December 7, 2012 by Grace Cooper


“…interventions that take a long time to learn and that require more resources also produce more change.”

As Zoila and I remain stuck in DC from Frankenstorm Sandy, it’s hard not to be disappointed about our delayed return to El Salvador to apply all we’ve learned from school visits at 4 schools over three weeks. But perhaps yesterday’s New York Times online commentary Teaching Lessons. So why does the Responsive Classroom methodology/curriculum being implemented across the States work when others do not? The article concludes:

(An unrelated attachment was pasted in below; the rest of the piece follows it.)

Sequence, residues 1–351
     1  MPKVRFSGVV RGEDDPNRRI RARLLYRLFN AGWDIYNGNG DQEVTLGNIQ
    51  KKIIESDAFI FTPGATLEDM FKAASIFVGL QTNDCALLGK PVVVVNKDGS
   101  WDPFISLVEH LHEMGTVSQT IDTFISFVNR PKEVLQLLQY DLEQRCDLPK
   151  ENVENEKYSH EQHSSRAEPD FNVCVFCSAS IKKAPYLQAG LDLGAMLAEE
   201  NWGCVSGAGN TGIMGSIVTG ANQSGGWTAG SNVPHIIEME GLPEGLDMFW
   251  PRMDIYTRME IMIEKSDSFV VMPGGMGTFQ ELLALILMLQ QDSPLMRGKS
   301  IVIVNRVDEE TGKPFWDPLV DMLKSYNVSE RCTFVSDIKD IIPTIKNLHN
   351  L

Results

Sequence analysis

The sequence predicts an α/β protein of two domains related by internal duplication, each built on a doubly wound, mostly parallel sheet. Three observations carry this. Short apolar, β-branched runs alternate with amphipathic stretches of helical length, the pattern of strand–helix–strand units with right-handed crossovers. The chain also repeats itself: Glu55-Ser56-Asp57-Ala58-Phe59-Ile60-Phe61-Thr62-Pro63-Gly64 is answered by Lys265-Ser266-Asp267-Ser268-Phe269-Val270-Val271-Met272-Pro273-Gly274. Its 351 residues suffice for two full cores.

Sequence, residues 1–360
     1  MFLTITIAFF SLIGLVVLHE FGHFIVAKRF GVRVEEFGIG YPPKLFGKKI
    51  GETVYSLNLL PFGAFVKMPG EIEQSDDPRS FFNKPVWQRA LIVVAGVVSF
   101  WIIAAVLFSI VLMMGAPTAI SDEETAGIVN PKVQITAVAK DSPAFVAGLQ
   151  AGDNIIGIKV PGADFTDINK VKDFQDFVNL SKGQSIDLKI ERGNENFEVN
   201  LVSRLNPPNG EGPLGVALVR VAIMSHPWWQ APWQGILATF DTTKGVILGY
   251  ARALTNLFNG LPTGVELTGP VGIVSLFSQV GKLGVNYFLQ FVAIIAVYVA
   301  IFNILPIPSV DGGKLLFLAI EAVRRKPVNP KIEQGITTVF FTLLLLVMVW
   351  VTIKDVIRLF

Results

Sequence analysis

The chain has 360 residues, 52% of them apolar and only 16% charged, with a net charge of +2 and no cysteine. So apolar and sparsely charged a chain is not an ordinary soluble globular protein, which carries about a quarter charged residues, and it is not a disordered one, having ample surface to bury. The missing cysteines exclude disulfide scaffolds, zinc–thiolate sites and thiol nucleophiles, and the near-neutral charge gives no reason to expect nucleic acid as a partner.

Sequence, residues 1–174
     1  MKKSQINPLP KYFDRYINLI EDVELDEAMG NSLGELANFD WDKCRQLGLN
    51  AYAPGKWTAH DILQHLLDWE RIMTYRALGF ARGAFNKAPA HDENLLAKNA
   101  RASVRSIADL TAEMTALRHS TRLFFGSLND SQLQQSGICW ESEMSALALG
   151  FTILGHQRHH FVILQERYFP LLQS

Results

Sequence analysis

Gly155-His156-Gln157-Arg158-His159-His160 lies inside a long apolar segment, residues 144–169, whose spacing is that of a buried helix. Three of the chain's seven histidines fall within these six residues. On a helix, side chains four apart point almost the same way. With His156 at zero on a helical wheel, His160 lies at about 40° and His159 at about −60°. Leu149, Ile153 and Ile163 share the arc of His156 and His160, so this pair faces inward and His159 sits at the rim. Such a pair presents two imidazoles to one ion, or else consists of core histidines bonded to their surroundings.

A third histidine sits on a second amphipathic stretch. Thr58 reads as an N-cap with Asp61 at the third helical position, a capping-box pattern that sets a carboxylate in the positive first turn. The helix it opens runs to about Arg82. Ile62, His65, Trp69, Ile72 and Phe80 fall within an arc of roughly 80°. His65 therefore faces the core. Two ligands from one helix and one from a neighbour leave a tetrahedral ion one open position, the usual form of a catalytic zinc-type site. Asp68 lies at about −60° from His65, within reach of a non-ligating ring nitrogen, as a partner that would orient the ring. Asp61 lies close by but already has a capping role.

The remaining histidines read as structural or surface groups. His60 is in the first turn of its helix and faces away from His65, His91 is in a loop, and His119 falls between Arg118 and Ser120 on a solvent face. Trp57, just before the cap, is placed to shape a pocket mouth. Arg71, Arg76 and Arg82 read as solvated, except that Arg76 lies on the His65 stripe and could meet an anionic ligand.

«teachers not only received intensive training but also had follow-up coaching once they returned to their classrooms, which increased the chances that new practices would take hold. Teachers also praised the program’s pacing: coaches encouraged teachers to adopt steps slowly over a sustained period, instead of trying to transform their classrooms overnight.»

The Responsive Classroom’s methodology for transforming teacher practice is based on the same principles as ConTextos: well-paced content over a two-year period through school-based training and classroom-based coaching. Our support ensures that new practices take hold, that teachers take ownership, and that students remain the heart of the classroom. By providing intensive support and rigorous expectations, we don’t guarantee overnight change, but we do support sustainable transformations.

Read the whole article here

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